Art can rebalance parts of our excessive behaviors or personalities
All of us have excesses, idiosyncrasies, and quirks, some more salient than others. Many of us are very stressed, others are excessively pedantic, while yet others are far too lazy. In relation to such personal traits, art can provide a rebalancing effect.
By experiencing a calm and serene landscape painting, the stressed person can regain the balance in his or her life, by viewing an artwork that depicts a seemingly chaotic motive, the pedantic person might recognize that there are other ways of approaching life, and by contemplating a canvas infused with a sense of action, movement, and progress, the lazy person can gain a sense of urgency and a new-found motivation to engage with the world.
Art can help us better understand ourselves
Most people believe that they have a full understanding of who they are, and that they grasp the full spectrum of psychological and emotional nuances of their being. Oftentimes, such believes simply do not correspond with reality. When we experience art, we can sometimes perceive something inside ourselves, something stirring, seeking to surface, to emerge. At first, we are moved, but cannot quite point out what we feel and why feel the way we feel.
In such cases, we can, if we are lucky, access deeper levels of ourselves that we might not previously been aware of or might only have had slight notions about. In this way, art can teach us more about ourselves, and our emotional and psychological mechanisms, an accomplishment that can ultimately help us become better human beings.
Art can boost our personal development
Apart from helping us better understand ourselves, art can also provide the basis for personal development. By viewing idealized art or by experiencing motives depicting acts of kindness, grace or gratitude, we can become more aware of what we need to do to become the person we want to be, to attain the personality we want to convey, and to reach the full potential in our life.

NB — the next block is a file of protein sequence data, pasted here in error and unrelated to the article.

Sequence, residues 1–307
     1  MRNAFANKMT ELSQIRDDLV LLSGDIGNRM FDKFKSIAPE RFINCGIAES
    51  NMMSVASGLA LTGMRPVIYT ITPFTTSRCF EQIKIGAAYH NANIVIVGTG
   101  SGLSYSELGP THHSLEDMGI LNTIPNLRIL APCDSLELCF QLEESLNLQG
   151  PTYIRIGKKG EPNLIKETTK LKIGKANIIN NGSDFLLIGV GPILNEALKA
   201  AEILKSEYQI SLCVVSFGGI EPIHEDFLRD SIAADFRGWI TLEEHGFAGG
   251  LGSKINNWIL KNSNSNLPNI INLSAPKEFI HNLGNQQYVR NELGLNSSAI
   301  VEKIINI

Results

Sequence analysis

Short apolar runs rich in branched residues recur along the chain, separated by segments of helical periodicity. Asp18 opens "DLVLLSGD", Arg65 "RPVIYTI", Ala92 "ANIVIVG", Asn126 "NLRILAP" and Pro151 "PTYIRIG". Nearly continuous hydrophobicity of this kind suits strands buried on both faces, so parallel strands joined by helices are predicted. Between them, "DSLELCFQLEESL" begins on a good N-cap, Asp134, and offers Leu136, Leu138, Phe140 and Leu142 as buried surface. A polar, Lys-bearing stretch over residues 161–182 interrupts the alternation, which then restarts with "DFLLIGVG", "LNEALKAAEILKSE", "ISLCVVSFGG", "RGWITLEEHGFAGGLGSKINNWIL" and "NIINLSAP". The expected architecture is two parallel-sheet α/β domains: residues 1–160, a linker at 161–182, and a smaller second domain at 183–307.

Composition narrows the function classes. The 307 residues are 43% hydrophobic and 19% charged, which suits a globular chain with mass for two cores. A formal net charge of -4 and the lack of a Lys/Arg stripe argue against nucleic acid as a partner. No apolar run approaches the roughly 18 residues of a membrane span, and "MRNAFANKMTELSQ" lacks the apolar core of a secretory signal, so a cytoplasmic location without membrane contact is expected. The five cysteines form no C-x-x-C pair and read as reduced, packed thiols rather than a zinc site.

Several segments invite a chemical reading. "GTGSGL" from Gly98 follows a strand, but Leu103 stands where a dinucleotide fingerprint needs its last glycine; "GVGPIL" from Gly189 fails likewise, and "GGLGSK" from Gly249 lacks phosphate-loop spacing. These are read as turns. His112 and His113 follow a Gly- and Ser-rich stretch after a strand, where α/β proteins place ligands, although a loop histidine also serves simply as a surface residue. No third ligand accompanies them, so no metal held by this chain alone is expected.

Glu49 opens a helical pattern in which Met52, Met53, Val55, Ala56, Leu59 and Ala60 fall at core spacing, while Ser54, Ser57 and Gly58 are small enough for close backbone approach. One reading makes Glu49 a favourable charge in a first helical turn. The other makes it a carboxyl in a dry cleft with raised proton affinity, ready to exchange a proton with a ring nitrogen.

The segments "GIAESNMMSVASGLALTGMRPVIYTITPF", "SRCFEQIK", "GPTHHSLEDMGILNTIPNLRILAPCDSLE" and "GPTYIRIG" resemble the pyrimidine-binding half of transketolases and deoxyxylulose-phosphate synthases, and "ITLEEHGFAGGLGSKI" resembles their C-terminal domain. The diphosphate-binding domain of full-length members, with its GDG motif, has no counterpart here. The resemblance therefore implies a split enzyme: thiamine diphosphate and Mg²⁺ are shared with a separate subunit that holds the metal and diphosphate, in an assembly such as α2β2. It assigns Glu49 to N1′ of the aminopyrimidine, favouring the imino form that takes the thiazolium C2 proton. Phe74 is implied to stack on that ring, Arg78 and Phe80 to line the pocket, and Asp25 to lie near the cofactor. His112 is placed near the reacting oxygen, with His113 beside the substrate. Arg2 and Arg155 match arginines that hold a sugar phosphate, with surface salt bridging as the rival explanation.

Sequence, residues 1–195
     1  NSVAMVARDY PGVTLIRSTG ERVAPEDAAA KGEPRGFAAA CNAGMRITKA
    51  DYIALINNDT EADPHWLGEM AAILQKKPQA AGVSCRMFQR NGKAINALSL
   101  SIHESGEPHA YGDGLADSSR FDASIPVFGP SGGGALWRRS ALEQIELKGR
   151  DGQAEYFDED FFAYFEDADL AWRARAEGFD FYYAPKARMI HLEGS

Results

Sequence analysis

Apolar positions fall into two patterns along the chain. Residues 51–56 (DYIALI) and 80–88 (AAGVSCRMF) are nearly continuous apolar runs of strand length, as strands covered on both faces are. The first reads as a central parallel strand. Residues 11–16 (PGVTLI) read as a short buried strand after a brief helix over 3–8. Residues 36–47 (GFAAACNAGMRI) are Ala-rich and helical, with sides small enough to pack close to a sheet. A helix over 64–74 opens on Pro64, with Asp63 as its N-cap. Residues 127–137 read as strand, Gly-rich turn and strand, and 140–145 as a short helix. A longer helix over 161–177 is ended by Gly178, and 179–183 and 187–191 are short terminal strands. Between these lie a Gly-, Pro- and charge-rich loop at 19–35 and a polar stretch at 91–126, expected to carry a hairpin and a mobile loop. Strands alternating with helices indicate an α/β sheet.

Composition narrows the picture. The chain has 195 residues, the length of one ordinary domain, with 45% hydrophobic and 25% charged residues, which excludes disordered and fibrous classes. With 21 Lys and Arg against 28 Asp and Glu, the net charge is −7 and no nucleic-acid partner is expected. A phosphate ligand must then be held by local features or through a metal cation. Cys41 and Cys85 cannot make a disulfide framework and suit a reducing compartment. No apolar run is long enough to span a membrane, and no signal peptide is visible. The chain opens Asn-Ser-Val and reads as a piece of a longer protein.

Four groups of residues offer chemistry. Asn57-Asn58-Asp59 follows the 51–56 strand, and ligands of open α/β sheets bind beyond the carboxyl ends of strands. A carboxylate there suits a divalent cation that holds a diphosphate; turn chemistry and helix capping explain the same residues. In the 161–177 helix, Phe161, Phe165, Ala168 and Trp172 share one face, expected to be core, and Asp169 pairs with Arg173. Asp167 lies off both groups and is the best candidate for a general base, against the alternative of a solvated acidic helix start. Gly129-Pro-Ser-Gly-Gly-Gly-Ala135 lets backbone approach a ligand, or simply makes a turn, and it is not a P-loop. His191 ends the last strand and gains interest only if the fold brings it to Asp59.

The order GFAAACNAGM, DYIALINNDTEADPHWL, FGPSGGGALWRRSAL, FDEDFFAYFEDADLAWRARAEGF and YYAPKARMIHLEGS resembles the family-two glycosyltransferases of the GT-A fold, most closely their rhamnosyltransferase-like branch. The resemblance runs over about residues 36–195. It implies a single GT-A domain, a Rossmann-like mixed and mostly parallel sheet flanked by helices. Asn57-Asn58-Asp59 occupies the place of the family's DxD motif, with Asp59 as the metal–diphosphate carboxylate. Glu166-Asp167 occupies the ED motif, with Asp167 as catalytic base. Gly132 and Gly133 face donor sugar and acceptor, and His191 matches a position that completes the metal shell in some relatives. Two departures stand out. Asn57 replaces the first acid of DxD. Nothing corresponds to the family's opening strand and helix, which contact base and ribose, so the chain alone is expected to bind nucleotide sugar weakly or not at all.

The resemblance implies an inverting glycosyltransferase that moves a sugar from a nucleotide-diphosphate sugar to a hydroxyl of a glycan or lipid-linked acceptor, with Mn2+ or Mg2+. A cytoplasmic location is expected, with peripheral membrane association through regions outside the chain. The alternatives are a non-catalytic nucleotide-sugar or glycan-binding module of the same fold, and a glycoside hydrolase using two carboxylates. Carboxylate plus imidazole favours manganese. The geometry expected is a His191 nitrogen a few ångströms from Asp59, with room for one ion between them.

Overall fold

Art is a tool that can guide our attention and devotion to what we perceive as good, desirable, and beautiful. It can serve as well-needed motivation and focus for our often distracted and messy lives, directing our consideration to what we feel is ultimately most important for us.
Art helps us better appreciate what really matters in our lives
Many of us go through life seeking new experiences, sensations, passions, and material objects, without taking the time out to reflect on how these aspects affect our lives. Usually, we seek them not because we are bad, capricious people, but because this is simply the way everyone works, how the human condition operates.
In all our strive for newer, bigger, better, taller, longer, fancier, cleaner, and cooler things, art can direct our attention to what really matters in our lives, by lending dignity and grace to parts of existence that we take for granted. The beauty of early mornings, the smell of freshly picked apples, the warmth of your mother’s embrace, and the sweetness of your neighbor’s smile, are all things that we easily grow accustomed to.
Experiencing art is a way to connect with and extend appreciation to such wonderful, but often terribly unsung parts of our lives.
De Botton and Armstrongs’ exploration of the seven psycho-therapeutic functions of art is as beautiful as it is thought provoking. What stands out is their willingness to put art at the center of our existence, to let it assume a consoling, supportive, and cheering function in our lives.
Next time you visit a museum or gallery, you should, as they repeatedly stress, keep these functions in the back of your mind. Maybe you will re-emerge an entirely new person? Maybe you will feel less sad, more hopeful, or more grateful?
Only by keeping these wise and timeless functions close to heart will you know the answer. Let's try some ther-art-py!
Don’t forget to check out Art as Therapy (ISBN 9780714865911).